When Rob Janoff was scheduled to have the initial meeting with Steve Jobs in early 1977, Apple Computer was still in the startup stages and nowhere near the hights of the mega-company we know today, and the company had only been operating for less than a year. Apple’s offices were based in a local strip mall, consisting of just the three partners – Steve Jobs, Steve Wozniak, and Mike Markkula.
The initial identity development was to coincide with the introduction of the brand’s first personal computer, the Apple II. The entire design process with the upstart client only took about two weeks. After the agency’s initial meeting, Rob Janoff went to work developing the Apple icon based on his examination of physical cross-sections of real apples. In fact, when asked how he approached designing the Apple logo Rob Janoff replied “It was very simple really. I just bought a bunch of apples, put them in a bowl, and drew them for a week or so to simplify the shape.”
A single design illustration was then created of a “rainbow-striped” apple. Janoff’s original apple logo contained a rainbow spectrum, a nod towards Apple’s computer Apple II which was the world’s first computer with colour display. The logo debuted a little before the computer’s launch. Janoff has said that there was no rhyme or reason behind the placement of the colours themselves, noting that Jobs wanted to have green at the top “because that’s where the leaf was.” According to Janoff, the “bite” in the Apple logo was originally implemented so that people would know that it represented an apple, and not a cherry tomato. It also lent itself to a nerdy play on words (bite/byte), a fitting reference for a tech company.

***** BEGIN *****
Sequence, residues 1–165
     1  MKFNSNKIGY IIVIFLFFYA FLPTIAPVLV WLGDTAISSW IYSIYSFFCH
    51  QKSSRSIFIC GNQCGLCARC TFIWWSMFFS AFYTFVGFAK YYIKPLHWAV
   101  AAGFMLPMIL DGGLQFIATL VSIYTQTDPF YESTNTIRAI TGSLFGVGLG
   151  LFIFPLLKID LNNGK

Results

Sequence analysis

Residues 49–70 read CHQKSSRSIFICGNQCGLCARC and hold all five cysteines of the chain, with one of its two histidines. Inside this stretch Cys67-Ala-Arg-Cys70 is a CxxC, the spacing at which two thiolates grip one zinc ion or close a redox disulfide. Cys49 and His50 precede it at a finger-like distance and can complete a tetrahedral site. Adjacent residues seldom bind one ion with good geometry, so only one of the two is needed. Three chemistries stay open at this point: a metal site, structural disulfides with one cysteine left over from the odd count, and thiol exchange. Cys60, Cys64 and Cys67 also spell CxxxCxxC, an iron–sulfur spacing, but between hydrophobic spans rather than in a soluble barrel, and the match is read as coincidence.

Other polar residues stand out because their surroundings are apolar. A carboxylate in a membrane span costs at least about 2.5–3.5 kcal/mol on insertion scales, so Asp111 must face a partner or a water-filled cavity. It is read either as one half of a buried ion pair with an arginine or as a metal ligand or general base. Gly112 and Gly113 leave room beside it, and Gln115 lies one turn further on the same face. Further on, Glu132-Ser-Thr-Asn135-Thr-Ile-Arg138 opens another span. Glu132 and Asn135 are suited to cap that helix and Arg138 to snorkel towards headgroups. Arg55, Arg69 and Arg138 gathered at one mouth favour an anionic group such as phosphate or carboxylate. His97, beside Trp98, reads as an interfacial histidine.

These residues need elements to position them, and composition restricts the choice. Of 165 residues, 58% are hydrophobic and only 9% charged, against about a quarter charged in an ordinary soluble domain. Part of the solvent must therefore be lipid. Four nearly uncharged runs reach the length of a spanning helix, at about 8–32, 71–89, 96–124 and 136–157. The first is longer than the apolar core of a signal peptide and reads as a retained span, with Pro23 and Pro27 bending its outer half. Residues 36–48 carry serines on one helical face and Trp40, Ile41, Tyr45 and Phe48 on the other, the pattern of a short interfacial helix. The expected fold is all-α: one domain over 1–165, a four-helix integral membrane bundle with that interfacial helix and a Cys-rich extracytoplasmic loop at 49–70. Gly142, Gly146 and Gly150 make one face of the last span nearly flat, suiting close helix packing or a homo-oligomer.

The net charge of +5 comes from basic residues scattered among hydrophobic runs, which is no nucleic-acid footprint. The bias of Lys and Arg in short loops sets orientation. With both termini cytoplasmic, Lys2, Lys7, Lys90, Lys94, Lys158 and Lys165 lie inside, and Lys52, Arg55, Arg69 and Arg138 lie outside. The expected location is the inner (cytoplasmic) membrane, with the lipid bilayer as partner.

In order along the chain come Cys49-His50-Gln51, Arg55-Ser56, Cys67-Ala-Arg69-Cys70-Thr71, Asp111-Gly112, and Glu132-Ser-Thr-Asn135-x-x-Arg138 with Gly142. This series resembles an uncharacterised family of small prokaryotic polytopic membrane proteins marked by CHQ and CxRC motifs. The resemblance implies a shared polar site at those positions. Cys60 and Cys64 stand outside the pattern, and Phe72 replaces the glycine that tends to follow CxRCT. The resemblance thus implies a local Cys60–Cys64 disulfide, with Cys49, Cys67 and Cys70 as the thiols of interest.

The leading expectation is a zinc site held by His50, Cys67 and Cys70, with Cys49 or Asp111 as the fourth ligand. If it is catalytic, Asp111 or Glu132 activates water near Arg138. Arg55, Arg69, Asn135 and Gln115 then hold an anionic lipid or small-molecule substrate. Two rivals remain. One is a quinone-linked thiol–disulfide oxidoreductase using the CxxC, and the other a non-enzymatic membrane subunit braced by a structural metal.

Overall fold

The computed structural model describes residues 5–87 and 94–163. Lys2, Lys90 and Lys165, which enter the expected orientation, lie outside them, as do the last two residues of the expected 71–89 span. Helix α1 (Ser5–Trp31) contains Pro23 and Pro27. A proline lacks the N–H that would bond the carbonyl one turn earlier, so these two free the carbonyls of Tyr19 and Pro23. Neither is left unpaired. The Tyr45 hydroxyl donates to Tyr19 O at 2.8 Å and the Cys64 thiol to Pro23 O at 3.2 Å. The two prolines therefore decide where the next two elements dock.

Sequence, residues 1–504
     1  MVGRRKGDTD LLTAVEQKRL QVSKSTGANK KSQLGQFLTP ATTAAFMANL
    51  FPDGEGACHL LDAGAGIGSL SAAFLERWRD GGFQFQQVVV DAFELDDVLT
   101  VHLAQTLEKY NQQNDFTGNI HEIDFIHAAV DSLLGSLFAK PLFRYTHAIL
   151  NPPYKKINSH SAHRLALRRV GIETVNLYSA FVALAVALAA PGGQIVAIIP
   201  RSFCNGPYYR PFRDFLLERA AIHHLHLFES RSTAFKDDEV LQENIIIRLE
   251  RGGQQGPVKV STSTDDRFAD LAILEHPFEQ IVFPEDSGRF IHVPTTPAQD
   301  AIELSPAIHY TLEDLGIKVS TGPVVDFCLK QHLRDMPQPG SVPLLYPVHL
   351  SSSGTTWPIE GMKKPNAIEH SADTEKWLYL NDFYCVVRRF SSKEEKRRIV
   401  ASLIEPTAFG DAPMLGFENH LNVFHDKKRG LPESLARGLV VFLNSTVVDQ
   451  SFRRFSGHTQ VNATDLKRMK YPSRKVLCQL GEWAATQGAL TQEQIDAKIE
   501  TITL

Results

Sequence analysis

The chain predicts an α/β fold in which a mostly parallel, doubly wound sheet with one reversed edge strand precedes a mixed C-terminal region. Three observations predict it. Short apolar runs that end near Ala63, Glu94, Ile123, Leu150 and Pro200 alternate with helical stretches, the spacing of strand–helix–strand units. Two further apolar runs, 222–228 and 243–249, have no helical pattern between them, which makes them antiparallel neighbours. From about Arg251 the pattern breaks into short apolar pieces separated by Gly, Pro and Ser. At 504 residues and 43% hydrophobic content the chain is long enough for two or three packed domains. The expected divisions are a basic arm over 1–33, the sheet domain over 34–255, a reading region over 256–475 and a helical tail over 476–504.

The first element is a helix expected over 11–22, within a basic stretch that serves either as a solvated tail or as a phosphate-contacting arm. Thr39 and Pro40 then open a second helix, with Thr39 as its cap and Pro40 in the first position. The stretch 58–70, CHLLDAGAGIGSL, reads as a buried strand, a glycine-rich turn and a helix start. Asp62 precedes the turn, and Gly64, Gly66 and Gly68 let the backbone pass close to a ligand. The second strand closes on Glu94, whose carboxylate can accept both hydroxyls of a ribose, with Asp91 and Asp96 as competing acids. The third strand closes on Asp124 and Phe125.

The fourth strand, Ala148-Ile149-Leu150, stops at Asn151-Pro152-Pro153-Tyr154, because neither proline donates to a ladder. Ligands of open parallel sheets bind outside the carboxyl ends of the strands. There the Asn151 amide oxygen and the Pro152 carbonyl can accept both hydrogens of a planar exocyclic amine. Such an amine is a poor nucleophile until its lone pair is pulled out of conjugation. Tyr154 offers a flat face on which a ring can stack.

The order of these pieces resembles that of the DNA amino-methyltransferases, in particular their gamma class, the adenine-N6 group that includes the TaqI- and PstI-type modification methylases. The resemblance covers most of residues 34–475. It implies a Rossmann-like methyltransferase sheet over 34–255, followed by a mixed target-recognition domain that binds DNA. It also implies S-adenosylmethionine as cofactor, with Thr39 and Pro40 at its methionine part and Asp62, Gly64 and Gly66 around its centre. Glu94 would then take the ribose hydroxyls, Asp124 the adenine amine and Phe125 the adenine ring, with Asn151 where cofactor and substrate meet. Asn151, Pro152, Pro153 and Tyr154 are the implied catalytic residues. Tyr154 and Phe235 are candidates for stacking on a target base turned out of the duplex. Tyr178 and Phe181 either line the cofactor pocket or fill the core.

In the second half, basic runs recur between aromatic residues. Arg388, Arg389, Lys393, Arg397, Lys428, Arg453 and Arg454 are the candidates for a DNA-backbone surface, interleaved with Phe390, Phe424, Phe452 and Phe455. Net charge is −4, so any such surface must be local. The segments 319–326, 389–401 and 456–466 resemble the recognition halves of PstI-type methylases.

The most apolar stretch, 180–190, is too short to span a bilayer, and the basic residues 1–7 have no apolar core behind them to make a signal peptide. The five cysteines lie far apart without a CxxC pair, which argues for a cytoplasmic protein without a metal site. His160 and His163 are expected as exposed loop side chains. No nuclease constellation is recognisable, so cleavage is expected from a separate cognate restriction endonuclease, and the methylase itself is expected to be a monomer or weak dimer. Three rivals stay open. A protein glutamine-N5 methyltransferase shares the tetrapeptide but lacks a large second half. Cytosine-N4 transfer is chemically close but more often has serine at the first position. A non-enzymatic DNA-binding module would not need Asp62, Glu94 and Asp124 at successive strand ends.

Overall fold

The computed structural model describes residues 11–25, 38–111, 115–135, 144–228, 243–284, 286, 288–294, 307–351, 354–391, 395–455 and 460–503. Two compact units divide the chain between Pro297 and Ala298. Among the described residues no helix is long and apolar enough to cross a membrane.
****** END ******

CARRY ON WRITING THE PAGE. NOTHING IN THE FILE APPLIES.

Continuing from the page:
The Apple design with multi-coloured stripes was promptly approved for production by Steve Jobs. The artwork was then developed for print advertisements, signage hardware emblems and software labels on cassette tapes, all in preparation for the launch of the Apple II Computer in April of 1977 at the West Coast Computer Fair. For the next 20 years, the now-famous “rainbow version” logo adorned all Apple products from its computer products to the Newton PDA. The only concept ever presented to Apple was an immediate success!